George Gund Foundation: Grants for Climate and Energy

OVERVIEW: This major regional funder is dedicated to societal progress and human welfare, with a heavy focus on Northeast Ohio, but also giving nationally. The environment is one of its five program areas, and climate change is a big priority, which it takes into account when making decisions about all programs and grantees. 

IP TAKE: Gund is interested in using cities to address climate change, giving to support clean energy, green business, smart growth and city sustainability. The foundation has a very strong focus on Cleveland, but still gives quite a bit to national or regional projects that share its interests. Groups in the region should definitely take note, but those outside shouldn't necessarily rule it out. 

PROFILE: The George Gund Foundation carries on the legacy of the notable Midwestern businessman and philanthropist of the same name. George Gund II was a prominent banker and investor who lived and worked in Cleveland in the mid-20th century. He established the foundation in 1952, and after his passing in 1966, left the majority of his $600 million fortune to the philanthropy. 

Today, the philanthropy of George Gund lives on through the efforts of his sizable family, most prominently through the family’s flagship foundation. While many family members have their own foundations, none is as developed or substantial as the George Gund Foundation. The funder has a trust of $454 million and made 233 grants for $25 million last year. With most of the board bearing the Gund name, the foundation is still very much a family affair, but it's also fully staffed and has well-established programs and guidelines.

Within those guidelines, Gund supports five main programs—Arts, Economic Development, Education, Environment and Human Services. The foundation has made a point of highlighting the importance of global climate change, noting that the concern cuts across programs and asks applicants to demonstrate their commitment to the issue. But not surprisingly, most of the giving on the issue lives in the environment program. 

It’s important to note geography when dealing with Gund. The foundation is highly focused on Cleveland and Northeast Ohio. One reason for this is that it’s where George II lived and worked, and where much of the family calls home. It’s their turf. But it’s also part of their overall theory for national and global change. The foundation has an urban emphasis, meaning it believes cities can offer solutions to many of the greater society’s looming problems, and Cleveland is their sandbox for finding those solutions. It looks at big issues through the lens of the city. That said, the funder is not opposed to funding national or regional programs.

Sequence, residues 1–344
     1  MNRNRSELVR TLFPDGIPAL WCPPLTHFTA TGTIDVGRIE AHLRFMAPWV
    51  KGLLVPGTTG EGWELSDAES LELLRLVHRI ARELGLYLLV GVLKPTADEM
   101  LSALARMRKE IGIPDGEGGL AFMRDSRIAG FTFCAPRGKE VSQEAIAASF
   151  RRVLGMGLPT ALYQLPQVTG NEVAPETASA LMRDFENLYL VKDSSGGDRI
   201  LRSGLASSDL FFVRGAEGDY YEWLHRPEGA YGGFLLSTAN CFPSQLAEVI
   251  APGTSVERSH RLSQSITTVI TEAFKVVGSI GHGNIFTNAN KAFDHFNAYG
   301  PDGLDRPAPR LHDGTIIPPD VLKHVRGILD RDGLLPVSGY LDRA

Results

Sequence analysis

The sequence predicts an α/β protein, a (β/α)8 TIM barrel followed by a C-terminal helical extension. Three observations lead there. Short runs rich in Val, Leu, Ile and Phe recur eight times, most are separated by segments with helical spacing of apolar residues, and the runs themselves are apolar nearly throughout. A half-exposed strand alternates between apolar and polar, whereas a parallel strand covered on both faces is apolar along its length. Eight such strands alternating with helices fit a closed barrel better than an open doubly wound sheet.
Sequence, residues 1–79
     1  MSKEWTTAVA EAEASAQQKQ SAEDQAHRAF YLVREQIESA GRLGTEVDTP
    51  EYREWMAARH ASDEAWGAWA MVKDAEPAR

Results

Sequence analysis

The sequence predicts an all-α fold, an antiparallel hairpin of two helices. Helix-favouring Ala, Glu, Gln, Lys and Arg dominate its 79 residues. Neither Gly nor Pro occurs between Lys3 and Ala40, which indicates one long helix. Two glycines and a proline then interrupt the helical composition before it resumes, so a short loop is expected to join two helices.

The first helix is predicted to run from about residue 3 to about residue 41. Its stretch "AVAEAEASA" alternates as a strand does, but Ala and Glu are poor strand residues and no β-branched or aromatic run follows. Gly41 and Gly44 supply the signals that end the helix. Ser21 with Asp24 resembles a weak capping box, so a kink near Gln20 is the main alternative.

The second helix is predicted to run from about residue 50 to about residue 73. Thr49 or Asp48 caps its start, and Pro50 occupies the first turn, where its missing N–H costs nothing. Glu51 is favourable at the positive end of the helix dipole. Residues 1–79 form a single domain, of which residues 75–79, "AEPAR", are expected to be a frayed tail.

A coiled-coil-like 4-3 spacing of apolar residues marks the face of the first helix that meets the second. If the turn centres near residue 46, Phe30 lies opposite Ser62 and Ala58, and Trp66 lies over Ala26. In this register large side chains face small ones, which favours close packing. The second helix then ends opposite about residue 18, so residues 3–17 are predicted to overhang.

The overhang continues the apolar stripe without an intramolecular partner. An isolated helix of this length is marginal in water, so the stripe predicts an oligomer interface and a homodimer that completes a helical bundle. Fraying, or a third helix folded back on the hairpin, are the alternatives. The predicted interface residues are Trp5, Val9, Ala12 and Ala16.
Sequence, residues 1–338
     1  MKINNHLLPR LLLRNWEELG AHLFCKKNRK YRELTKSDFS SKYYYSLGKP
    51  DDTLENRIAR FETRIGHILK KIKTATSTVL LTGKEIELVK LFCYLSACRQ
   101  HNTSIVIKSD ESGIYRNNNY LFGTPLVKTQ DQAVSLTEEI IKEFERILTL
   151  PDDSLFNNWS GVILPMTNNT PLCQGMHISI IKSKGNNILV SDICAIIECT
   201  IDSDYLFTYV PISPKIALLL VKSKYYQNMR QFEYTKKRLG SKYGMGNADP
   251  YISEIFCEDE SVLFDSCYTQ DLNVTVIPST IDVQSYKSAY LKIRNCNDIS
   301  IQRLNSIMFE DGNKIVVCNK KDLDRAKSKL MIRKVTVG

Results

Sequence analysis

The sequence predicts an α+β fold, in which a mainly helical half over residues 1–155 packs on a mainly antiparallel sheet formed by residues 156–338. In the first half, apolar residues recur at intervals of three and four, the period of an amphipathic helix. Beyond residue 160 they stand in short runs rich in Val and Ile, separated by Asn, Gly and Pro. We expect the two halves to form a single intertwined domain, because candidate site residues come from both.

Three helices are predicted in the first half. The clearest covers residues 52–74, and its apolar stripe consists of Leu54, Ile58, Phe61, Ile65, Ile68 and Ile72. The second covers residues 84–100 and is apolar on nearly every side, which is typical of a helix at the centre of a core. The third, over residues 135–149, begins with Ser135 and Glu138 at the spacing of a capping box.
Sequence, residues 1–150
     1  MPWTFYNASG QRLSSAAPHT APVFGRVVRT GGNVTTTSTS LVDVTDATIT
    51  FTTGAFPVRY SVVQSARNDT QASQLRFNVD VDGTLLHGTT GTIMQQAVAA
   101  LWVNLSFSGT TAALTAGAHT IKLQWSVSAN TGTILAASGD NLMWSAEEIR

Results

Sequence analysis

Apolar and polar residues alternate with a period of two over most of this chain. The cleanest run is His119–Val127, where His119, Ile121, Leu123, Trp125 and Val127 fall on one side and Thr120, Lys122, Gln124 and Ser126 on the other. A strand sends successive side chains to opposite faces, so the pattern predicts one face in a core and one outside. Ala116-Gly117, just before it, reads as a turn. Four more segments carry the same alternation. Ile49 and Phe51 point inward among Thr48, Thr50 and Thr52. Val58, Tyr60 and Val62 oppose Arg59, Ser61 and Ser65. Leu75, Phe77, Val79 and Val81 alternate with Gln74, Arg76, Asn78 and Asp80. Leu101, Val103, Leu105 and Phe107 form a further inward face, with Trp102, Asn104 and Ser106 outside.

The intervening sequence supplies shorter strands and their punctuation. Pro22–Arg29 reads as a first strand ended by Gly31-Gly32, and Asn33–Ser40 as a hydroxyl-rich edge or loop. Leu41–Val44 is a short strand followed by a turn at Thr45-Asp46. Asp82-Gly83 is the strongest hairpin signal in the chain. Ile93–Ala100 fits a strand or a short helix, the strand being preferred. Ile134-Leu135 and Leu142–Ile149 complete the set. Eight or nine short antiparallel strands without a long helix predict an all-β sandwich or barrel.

By the numbers:

Gund has made nearly $600 million in grants since it was founded, and lately that’s meant $20 million to $25 million annually. Specifically from the environment program, since 2000 the funder has given $41 million to the cause—$2.4 million in 2011, $2 million in 2012, and then stepping it up to $5 million in 2013. The subprograms connected to climate and energy, which cover issues like renewable energy, smart growth, sustainable business and green building, make up about half of that giving since 2000. So even for a regional funder, and one with many interests, Gund is giving quite a bit to climate-related issues. 

In terms of geography, despite its Ohio emphasis, only about 60 percent of environmental giving since 2000 has gone to groups based in the state. Granted, some of that giving to out-of-state groups comes back to programs directly affecting Ohio, but so you get the idea of their scope.  

Here’s a sampling to give an idea of what Gund supports: 

  • In 2013, a $2 million, two-year grant to the Trust for Public Land’s "Connecting Cleveland Campaign" to establish a series of walking paths and bike trails and reduce driving in the city. 
  • In 2012 and 2013, a combined $700,000 to The Energy Foundation for clean energy work in Ohio.
  • The foundation has made several grants as large as $150,000 to the D.C.-based Environment and Energy Study Institute. 
  • Regular grants have gone to the Environmental Law and Policy Center of the Midwest. 
  • Regular grants go to Smart Growth America, another D.C.-based advocate that works to make neighborhoods and cities more sustainable. 

The George Gund Foundation is pretty open to proposals. They invite applicants to fill out an eligibility survey, and then make an online submission. There’s even a handy Grant Application Guide available online. The foundation has three deadlines a year, November 15, March 15, and July 15. A list of recent environment grants is available here.

The environment program’s Senior Program Officer John Mitterholzer can be reached by email.

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